Medicare provides affordable health insurance to approximately 62.6 million people. Read this article for a complete overview of the Medicare program and the procedure to sign up for medicare.
Medicare, a federal social insurance program, was established in 1965. Its goal is to provide health insurance to the elderly and disabled. Unlike Medicaid, Medicare is not restricted to people with low incomes or those living in poverty. However, a sizable number of people meet the eligibility requirements for both programs.
In 2020, 62.6 million people were enrolled in Medicare, accounting for 18.4% of all people in the United States. Around 54 million of them received benefits due to their age, while the remainder received benefits due to various disabilities. Maine and West Virginia had the highest percentages of Medicare beneficiaries in their populations, with 24 and more percent of the population enrolled. California had the highest number of Medicare beneficiaries, with over 6.2 million.
Medicare has proven to be beneficial to many Americans, but the question remains: how does one sign up for Medicare? Read on for a comprehensive guide to Medicare’s eligibility criteria and how to sign up for medicare.
What is Medicare?
Medicare is a federal program in the United States that provides health insurance to people 65 and older, as well as people with certain disabilities regardless of age. In 1965, Congress established this program as part of the Social Security Program. The goal of Medicare was to provide coverage to people aged 65 and up who did not have any health insurance, to begin with.
The program has now expanded to include people with end-stage renal disease and amyotrophic lateral sclerosis (ALS), also known as Lou Gehrig’s disease. While the program helps with the cost of health care, it does not cover all medical expenses, particularly those associated with most long-term care.
What are the different plans under Medicare?
Original Medicare consists of two plans: Medicare Parts A and B. Original Medicare covers a large portion of the cost of covered health care services and supplies, but not all of them. Part A of Medicare, also known as “hospital insurance,” covers hospital stays and inpatient care. It only pays for treatments that are deemed medically necessary. This indicates that the doctor has agreed that the treatment is necessary to treat any ailment or condition.
Part A of Medicare covers inpatient medical care such as home health services, long-term care facilities, program in-patient rehab, hospice, hospital care, nursing home care, and skilled nursing facility care. Nursing care, physical therapy, and occupational therapy are among the home health services mentioned. Medicare Part A coverage for skilled nursing facility care includes meals, supplies, and nurse-administered injections.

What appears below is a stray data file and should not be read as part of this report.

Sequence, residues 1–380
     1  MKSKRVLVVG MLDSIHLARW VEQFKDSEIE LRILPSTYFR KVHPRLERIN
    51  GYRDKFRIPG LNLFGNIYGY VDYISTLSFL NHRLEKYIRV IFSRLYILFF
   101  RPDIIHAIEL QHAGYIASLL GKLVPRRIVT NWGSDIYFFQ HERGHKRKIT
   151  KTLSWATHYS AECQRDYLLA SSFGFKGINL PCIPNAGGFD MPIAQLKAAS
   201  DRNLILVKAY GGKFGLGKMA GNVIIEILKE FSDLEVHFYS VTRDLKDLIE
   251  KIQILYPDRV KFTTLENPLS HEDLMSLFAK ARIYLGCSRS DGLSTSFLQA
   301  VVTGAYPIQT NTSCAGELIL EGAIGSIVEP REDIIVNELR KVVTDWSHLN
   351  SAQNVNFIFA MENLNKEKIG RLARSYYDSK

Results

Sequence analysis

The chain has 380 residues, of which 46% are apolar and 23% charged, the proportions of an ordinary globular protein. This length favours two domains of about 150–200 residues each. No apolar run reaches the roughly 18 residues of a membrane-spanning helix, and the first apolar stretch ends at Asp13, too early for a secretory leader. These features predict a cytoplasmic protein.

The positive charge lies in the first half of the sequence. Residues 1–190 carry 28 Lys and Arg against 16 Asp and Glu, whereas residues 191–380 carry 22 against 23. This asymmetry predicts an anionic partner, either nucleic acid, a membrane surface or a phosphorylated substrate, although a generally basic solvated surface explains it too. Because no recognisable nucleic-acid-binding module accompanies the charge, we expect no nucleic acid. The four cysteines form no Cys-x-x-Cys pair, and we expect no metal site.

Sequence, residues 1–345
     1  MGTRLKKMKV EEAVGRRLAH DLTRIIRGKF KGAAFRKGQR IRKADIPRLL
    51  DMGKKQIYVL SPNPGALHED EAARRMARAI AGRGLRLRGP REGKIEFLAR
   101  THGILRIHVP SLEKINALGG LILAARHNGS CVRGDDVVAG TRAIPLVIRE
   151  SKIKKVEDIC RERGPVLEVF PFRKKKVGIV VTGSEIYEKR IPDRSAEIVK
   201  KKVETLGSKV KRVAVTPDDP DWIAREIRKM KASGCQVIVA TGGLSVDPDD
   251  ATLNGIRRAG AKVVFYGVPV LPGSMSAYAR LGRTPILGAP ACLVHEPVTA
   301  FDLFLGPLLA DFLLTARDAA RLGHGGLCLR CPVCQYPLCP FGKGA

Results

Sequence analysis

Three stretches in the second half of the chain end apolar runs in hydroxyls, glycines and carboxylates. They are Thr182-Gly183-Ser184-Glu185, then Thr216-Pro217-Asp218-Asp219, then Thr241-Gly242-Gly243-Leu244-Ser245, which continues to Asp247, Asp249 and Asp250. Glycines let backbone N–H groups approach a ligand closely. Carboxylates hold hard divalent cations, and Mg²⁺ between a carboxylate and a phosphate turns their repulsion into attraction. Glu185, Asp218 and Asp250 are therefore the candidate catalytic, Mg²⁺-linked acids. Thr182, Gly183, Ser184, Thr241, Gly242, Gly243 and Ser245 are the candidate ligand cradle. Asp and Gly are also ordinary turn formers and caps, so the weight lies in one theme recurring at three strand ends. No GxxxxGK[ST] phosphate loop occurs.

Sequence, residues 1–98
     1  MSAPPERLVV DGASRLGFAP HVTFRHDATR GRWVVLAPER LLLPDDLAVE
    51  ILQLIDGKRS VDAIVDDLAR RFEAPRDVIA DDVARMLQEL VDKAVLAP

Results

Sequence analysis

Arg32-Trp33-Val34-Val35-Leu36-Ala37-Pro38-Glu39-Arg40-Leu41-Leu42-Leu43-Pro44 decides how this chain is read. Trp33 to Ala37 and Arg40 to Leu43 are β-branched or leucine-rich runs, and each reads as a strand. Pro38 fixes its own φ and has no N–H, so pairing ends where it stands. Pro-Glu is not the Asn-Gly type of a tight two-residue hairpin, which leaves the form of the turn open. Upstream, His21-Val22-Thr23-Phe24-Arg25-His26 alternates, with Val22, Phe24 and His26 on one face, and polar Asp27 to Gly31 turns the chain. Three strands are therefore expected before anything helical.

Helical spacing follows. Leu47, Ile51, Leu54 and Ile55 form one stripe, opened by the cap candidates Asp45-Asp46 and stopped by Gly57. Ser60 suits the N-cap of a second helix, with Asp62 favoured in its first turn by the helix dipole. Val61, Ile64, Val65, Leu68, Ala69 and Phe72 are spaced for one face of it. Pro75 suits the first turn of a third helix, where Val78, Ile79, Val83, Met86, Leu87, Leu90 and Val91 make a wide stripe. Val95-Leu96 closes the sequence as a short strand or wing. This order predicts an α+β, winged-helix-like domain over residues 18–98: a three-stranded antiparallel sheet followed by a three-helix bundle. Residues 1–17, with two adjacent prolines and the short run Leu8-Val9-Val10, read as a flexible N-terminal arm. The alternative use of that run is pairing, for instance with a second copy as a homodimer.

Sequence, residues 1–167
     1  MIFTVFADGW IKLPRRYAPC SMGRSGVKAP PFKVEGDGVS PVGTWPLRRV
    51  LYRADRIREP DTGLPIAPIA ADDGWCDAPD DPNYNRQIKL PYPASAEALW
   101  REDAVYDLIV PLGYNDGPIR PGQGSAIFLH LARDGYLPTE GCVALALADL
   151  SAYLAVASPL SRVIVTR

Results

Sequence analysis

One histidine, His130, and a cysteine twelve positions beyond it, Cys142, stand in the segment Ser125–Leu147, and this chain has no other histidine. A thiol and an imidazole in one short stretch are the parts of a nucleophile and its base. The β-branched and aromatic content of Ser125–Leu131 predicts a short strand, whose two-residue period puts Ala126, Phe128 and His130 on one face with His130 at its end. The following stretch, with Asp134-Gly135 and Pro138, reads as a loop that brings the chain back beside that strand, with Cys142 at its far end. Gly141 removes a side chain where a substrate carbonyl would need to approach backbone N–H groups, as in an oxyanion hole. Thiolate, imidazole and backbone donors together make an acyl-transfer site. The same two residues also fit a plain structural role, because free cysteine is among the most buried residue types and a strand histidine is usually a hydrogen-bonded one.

Part A of Medicare provides care for the comfort of terminally ill patients who no longer wish to pursue treatment for their illness. How much Part A pays for these services is determined by the type of facility you stay in, whether you’ve met the deductible (which resets with each new stay), and the length of your stay.
Whilst Medicare Plan A covers most of the inpatient services, Medicare Part B covers outpatient medical services. They give the following services:
- Ambulance services
- Doctor’s office visits
- Durable medical equipment which includes equipment such as wheelchairs, walkers, and bathtub transfer benches
- Blood work and lab tests
- Mental health and substance abuse treatment.
- Outpatient surgery
Preventive care services covered by Medicare Part B include tobacco cessation therapy, annual wellness visits, nutrition therapy, flu shots, diabetes screenings, cancer screenings, HIV and STD screenings, and preventive care. Part B covers 80 percent of the costs for covered services, with patients responsible for the remaining 20%.
In 1997, Medicare Advantage, also known as Medicare Part C, was established. Unlike the Original Medicare plan, this plan was administered by insurance companies rather than the federal government. These insurance companies provide supplemental benefits in addition to the benefits provided by Original Medicare. The Advantage plan includes hospital and medical insurance.
Additional benefits incorporated in the Advantage plan include:
- Prescription drug coverage:
Almost all Medicare Advantage plans offer prescription drug coverage, unlike the Original Medicare plan
- Dental, vision, and hearing:
Medicare Advantages plan covers treatments even if they are deemed to be medically unnecessary by the doctors and the health professionals. Though, most Medicare Advantage plans differ in the amount of coverage for these alternatives.